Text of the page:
By on April 11, 2015

FCA US sales chart by vehicle categoryNot surprisingly, one of only a couple automakers with an SUV-only auto brand is enjoying record sales at that SUV brand in an era of booming utility vehicle sales.

At this stage in 2013, Fiat Chrysler Automobiles/Chrysler Group was selling more cars in the United States than SUVs and crossovers. Those figures flipped one year later and became even more disparate in the first-quarter of 2015.

More than four out every ten FCA sales in the United States in the first three months of this year were SUVs or crossovers: Jeeps, Dodge Durangos, and Dodge Journeys. We only recently covered the enormity of Jeep’s record-setting March success.

Other factors are shaking up the vehicle mix at FCA dealers, as well, such as the retooling at the company’s minivan plant in Windsor, Ontario, and the increased number of commercial vans available. But with SUV/crossover sales rising 12% across the board in early 2015, it’s no secret that FCA was well positioned to take advantage, and that advantage has seriously rejigged the automaker’s overall U.S. sales figures.

Timothy Cain is the founder of, which obsesses over the free and frequent publication of U.S. and Canadian auto sales figures.

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29 Comments on “Chart Of The Day: Fiat Chrysler Automobiles US Is Very Much An SUV-Oriented Automaker...”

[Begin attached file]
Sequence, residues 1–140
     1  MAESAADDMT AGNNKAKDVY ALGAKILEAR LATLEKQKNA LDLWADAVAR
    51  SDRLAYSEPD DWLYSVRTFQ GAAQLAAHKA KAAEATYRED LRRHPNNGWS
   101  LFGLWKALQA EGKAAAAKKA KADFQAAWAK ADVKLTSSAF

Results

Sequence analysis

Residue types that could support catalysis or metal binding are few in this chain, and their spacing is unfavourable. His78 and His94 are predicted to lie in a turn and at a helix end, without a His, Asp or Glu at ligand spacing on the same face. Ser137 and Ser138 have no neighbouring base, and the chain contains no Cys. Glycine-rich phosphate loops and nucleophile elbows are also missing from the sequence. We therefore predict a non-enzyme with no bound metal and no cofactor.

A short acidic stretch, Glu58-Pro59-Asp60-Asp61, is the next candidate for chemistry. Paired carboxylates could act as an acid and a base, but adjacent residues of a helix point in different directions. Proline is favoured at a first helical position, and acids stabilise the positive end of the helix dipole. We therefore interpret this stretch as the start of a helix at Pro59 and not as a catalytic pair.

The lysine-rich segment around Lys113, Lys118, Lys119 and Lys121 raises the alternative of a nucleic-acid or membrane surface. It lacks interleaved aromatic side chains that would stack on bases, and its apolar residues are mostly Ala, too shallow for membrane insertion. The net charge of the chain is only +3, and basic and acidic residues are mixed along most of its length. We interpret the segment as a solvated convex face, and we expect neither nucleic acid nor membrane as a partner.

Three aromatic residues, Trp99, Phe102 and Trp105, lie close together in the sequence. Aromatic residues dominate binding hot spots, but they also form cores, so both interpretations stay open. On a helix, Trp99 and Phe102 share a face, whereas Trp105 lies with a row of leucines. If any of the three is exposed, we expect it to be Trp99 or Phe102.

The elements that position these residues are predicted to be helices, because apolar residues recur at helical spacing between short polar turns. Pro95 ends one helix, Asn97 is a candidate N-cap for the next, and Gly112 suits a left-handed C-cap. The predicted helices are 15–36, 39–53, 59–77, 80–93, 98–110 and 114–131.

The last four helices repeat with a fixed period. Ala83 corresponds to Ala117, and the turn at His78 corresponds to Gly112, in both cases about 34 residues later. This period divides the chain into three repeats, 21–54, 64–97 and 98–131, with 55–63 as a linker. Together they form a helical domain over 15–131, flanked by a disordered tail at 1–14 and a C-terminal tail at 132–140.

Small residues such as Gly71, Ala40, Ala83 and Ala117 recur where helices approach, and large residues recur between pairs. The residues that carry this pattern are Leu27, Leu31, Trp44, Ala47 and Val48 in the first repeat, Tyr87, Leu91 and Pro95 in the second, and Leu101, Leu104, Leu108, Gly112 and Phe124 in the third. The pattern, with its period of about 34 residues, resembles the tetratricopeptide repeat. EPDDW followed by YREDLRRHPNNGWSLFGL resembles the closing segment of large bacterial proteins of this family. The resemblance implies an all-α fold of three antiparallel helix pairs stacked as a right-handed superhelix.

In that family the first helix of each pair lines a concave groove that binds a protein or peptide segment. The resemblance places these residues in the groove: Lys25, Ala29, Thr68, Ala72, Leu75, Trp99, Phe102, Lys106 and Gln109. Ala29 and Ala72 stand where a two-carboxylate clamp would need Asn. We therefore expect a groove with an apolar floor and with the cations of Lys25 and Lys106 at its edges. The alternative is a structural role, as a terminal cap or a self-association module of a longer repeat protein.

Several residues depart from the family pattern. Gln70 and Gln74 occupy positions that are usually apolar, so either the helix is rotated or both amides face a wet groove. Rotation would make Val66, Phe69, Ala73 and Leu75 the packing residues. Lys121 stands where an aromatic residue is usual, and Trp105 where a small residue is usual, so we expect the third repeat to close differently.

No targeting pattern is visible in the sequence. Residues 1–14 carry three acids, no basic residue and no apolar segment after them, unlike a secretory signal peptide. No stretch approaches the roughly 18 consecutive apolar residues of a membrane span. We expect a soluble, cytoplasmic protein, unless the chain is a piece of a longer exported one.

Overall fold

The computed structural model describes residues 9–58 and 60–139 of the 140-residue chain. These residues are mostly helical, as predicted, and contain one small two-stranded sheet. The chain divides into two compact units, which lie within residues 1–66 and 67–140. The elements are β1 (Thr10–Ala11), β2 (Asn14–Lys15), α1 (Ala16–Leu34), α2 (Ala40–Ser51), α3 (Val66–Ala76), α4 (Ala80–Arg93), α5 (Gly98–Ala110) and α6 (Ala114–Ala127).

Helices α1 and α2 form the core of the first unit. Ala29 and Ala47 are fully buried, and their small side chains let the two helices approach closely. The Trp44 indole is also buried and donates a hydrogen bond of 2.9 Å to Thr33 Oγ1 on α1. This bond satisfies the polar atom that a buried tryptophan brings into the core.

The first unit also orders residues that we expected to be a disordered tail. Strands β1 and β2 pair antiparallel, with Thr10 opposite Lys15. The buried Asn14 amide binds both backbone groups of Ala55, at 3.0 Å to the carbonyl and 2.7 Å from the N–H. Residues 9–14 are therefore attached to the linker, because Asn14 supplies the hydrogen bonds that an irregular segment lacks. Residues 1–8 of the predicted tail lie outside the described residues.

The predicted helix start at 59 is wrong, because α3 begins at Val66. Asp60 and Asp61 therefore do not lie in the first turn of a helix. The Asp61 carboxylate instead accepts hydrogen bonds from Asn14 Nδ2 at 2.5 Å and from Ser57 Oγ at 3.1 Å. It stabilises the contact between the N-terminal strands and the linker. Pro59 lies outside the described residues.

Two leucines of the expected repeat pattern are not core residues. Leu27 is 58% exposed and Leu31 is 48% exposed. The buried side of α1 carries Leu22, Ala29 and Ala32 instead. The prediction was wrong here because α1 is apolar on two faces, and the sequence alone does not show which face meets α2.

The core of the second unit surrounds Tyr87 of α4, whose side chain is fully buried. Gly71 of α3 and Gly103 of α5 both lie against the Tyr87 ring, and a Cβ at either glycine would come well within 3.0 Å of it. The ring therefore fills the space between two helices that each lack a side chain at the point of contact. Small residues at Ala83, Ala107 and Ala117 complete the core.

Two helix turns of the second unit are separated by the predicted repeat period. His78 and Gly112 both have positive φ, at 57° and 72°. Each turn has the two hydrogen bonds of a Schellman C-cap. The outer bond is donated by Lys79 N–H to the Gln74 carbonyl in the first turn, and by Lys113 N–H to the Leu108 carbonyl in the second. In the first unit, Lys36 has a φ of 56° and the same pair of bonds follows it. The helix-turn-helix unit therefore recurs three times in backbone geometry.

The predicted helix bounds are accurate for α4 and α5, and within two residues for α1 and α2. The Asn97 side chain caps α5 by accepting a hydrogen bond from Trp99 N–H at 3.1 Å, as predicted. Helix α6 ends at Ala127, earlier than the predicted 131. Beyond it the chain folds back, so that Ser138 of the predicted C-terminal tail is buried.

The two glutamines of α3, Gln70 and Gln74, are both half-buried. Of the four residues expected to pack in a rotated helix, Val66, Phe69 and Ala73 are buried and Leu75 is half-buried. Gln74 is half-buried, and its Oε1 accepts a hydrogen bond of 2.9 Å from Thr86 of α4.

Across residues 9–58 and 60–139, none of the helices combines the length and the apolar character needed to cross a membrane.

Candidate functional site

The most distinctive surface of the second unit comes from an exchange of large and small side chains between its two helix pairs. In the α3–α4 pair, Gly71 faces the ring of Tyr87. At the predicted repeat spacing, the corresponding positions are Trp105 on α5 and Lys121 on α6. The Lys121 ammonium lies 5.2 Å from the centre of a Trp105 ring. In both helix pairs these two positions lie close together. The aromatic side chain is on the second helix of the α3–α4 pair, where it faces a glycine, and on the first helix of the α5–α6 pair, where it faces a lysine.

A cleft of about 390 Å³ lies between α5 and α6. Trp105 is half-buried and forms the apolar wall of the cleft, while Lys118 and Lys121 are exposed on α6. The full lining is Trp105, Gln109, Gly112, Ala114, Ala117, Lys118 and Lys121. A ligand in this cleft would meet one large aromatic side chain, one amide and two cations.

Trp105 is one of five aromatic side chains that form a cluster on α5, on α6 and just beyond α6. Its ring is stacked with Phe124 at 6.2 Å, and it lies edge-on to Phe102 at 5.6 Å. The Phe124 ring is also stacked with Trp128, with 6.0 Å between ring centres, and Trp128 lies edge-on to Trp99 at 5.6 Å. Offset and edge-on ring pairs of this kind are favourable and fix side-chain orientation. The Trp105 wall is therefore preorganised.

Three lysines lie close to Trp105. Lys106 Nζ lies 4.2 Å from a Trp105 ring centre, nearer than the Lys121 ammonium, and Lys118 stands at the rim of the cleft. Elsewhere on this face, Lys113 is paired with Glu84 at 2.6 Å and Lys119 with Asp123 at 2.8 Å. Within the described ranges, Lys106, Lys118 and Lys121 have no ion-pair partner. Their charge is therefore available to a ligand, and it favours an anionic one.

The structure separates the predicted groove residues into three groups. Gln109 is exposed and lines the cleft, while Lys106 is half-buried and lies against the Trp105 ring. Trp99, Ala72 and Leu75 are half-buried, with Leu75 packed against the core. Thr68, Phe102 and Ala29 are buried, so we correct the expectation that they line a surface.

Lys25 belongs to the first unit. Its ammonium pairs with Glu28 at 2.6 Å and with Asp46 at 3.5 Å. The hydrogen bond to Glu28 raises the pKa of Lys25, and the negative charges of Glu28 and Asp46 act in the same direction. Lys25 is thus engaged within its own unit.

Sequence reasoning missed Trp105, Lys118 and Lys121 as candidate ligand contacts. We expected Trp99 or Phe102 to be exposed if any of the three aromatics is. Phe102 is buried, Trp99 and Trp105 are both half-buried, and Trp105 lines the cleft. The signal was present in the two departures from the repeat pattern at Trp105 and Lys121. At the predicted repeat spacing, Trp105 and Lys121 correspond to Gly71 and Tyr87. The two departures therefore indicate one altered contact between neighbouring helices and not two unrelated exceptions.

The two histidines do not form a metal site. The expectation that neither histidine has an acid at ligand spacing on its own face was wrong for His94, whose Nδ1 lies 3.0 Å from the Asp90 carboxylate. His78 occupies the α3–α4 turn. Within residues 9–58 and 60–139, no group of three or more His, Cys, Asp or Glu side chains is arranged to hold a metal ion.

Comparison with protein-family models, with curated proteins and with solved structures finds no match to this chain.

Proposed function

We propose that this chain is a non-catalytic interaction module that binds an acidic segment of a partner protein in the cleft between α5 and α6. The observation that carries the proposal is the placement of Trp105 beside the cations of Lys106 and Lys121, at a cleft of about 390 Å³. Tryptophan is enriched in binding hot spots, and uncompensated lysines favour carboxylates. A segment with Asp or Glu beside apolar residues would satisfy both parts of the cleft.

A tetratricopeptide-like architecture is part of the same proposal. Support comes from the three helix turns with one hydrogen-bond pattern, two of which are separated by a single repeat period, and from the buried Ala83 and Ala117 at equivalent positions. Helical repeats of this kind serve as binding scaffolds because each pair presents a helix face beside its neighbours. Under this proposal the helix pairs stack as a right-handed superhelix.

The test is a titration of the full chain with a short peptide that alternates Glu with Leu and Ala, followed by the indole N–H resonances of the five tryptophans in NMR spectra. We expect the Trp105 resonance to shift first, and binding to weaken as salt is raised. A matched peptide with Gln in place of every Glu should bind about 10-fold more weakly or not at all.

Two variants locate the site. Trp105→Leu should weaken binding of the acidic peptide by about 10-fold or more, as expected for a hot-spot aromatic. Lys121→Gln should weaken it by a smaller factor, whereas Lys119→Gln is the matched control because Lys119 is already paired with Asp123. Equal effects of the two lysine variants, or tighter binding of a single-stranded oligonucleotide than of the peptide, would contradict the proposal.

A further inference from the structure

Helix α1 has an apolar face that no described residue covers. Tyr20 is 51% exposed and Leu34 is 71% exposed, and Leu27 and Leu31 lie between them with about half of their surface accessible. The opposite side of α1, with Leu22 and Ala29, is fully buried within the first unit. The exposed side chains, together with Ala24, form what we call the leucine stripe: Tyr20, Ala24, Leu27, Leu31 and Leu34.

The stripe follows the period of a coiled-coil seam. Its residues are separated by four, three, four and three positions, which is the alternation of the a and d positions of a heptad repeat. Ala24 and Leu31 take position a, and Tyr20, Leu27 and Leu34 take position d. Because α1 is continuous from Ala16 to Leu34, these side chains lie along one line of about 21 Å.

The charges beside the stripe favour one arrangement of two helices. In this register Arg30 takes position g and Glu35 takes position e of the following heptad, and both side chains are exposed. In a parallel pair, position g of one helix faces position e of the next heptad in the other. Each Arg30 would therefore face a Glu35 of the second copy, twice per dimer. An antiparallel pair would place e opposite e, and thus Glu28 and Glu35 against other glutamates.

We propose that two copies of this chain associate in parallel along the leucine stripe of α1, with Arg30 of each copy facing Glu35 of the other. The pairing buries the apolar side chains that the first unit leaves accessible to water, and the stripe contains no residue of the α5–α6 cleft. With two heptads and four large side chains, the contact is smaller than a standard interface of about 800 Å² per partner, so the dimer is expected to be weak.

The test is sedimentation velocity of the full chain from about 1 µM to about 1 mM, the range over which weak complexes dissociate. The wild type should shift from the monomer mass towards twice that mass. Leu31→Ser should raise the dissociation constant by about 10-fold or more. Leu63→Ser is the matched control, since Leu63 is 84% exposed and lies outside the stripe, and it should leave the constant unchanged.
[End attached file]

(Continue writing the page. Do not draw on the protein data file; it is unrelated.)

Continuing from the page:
• avatar

    Ergonomics and visibility are trumping “longer, lower, wider”. Excellent!

    • 0 avatar

      You’re talking about ergonomics while sitting still, of course. Once moving at any semblance of speed, you’d think even public school indoctrinateds could figure out that putting wheels on a water tower is hardly the most ergonomic way to travel around. Those even marginally sentient amongst us, even realize very quickly that children with car sickness issues does remarkably better in the back of an A8 than a Range Rover. Semi crippled fatsos may find ingress/egress meaningfully more ergonomic in mid height vehicles like CUV’s. For the rest of us, any improvement is largely below the threshold of giving a toot.

      Similarly, the visibility enhancement of tall/wide/fat/tinted vehicles, are restricted to Myopistan. Where Citizen Drone is incapable of recognizing his own visibility was actually better when everyone drove Accords, than when he himself drives a Tahoe, while everyone else drives a Topkick. In more advanced places, one would hope it appears fairly obvious that the outline of a Miata blocks less visibility than that of a Peterbilt.